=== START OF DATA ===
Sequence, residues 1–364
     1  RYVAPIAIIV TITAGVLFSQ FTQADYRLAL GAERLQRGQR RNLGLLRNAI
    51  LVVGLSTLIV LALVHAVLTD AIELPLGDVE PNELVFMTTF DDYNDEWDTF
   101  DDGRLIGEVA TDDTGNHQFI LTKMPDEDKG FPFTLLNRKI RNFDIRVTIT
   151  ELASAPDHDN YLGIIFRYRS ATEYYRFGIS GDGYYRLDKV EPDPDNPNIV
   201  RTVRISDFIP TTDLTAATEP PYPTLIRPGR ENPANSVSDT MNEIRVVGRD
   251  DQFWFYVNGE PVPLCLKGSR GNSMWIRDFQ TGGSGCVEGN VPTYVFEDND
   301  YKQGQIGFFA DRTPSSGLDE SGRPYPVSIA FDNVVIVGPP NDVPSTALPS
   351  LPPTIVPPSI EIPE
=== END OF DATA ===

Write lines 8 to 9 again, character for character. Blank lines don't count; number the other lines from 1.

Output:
   301  YKQGQIGFFA DRTPSSGLDE SGRPYPVSIA FDNVVIVGPP NDVPSTALPS
   351  LPPTIVPPSI EIPE